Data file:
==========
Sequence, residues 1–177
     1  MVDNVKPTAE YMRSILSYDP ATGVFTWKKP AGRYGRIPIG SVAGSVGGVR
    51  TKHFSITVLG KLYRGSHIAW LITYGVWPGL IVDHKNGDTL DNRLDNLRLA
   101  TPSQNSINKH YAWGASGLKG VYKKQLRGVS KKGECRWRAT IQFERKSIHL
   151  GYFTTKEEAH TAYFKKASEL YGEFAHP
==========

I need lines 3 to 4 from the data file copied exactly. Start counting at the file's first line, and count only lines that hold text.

    51  TKHFSITVLG KLYRGSHIAW LITYGVWPGL IVDHKNGDTL DNRLDNLRLA
   101  TPSQNSINKH YAWGASGLKG VYKKQLRGVS KKGECRWRAT IQFERKSIHL